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Report: Grizzlies owner Robert Pera has been distant from Memphis, exclusionary of minority owners

Grizzlies-Owner Basketball

Memphis Grizzlies majority owner Robert Pera addresses members of the media during a news conference announcing new members of the coaching and operations staff inside FedEx Forum in Memphis, Tenn. Friday, Aug. 1, 2014. (AP Photo/The Commercial Appeal, William DeShazer)


Steve Kaplan’s plan to buy a share of the Timberwolves has hit a snag.


One reason: Kaplan owns a share of Robet Pera’s Grizzlies, and he’s apparently having trouble selling.

Brian Windhorst and Zach Lowe of ESPN:

Meanwhile, sources say Pera has been distant from Memphis over the past year and has excluded minority owners from any meaningful participation in team decision-making, which is his right as controlling owner. Kaplan is worried that the market for his minority interest will dry up once potential buyers complete their due diligence on Pera’s ownership techniques, sources said.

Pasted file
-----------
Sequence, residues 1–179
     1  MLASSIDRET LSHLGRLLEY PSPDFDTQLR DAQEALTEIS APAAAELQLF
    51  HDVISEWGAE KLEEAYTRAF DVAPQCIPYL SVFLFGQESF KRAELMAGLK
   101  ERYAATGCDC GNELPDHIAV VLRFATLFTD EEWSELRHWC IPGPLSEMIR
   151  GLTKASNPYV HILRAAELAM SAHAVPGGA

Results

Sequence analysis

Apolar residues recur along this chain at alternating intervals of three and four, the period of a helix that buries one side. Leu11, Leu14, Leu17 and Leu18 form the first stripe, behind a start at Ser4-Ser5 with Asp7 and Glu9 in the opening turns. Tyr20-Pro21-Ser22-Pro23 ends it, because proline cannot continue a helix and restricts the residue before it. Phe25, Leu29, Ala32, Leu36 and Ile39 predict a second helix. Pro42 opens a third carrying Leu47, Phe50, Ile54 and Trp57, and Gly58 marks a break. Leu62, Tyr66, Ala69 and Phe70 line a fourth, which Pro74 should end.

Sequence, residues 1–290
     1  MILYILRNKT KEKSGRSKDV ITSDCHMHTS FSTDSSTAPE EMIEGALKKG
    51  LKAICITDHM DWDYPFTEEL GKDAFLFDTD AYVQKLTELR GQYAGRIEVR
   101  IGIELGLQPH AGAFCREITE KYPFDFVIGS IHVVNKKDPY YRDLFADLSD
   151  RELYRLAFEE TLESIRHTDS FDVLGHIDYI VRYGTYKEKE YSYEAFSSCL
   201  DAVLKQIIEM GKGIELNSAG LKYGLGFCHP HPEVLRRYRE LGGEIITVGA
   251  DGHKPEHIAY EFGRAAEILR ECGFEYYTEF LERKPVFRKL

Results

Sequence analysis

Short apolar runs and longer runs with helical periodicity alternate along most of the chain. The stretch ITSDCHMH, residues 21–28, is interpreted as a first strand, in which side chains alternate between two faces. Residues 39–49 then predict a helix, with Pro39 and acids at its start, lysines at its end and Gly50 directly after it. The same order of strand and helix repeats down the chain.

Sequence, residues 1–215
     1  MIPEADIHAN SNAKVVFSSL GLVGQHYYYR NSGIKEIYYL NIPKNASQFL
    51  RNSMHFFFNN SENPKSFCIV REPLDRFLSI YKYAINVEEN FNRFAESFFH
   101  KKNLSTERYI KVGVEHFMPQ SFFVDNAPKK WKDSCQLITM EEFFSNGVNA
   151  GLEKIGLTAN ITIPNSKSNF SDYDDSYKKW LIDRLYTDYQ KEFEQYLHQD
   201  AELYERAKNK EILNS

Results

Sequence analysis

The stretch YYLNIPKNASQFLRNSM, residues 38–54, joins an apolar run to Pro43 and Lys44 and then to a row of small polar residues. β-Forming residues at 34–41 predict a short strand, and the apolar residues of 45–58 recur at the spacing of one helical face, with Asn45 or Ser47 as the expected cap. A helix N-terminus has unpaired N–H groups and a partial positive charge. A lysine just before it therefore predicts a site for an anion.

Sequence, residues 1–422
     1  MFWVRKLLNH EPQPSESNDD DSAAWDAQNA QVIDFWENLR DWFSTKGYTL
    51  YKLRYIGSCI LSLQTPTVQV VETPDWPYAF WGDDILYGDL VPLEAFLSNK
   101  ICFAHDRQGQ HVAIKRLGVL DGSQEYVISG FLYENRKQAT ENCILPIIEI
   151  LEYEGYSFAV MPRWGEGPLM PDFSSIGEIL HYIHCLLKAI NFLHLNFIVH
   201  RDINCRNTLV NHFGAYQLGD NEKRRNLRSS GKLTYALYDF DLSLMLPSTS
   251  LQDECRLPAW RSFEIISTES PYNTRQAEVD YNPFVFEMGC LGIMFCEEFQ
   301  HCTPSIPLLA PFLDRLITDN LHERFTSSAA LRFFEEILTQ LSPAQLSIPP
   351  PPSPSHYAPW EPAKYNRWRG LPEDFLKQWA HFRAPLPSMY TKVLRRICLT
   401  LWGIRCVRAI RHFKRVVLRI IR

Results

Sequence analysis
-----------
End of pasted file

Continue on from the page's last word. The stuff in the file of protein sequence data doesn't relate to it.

In selling his minority stake on the open market, Kaplan has been asking for close to $100 million for his 14 percent share -- pegging the team’s value at roughly $700 million. Kaplan’s figure is a big-enough number to turn off some potential investors, sources said.

The drama could drag on, particularly because of an unusual clause in the Memphis ownership agreements that Kaplan can trigger in October 2017 -- on the five-year anniversary of their purchase of the team with Pera.

At that time, Kaplan and fellow minority owner Daniel Straus, an East Coast health care magnate and the team’s vice chairman, have an option to make a bid for controlling interest in the team at a price of their choice, sources said. At that point, Pera would have two options: buy out Kaplan and Straus at that named price, or sell his shares to them based on the same valuation. Control of the decision ultimately would rest with Pera.

Mike Conley will be a free agent this summer, and he appears to enjoy playing with Memphis’ Marc Gasol-led core. The Grizzlies best chance for keeping him is convincing him his future will remain similar to his current situation.

How can they do that with so much uncertainty at the top?

Whatever is happening in Memphis, Pera has struggled to frame his ownership as functional. Fairly or not, he has been painted as both erratically overbearing and now distant. At face value, there are problems in how this organization works. At minimum, Pera faces opposition from people who are successfully painting an image of a poor owner.